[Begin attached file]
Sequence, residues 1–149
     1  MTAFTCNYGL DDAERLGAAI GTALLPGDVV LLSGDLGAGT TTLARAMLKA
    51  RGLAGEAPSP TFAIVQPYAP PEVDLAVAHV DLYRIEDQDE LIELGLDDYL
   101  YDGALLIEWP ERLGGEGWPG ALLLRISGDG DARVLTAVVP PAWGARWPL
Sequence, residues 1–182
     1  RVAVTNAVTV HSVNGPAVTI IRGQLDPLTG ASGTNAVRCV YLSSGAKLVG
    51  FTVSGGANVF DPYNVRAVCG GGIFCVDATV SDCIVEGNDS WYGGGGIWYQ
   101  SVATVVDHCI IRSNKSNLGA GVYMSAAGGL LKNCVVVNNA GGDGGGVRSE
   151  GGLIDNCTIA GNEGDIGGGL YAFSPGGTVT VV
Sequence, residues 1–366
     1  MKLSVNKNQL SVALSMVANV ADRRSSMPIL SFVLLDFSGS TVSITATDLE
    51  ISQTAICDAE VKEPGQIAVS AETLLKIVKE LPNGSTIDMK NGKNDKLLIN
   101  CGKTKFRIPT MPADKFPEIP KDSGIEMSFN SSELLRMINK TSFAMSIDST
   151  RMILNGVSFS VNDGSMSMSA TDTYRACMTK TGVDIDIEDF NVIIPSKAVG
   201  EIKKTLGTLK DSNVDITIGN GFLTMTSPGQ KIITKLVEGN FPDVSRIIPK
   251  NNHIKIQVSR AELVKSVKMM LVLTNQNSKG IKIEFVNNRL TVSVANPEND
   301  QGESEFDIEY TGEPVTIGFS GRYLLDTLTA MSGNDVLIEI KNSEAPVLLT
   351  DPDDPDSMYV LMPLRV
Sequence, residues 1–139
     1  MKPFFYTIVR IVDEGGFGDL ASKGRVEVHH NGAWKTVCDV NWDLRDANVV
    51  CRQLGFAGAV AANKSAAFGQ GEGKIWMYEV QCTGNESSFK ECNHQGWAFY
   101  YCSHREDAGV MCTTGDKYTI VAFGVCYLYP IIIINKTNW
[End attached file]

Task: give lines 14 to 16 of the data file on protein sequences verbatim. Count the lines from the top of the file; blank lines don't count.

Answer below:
   151  RMILNGVSFS VNDGSMSMSA TDTYRACMTK TGVDIDIEDF NVIIPSKAVG
   201  EIKKTLGTLK DSNVDITIGN GFLTMTSPGQ KIITKLVEGN FPDVSRIIPK
   251  NNHIKIQVSR AELVKSVKMM LVLTNQNSKG IKIEFVNNRL TVSVANPEND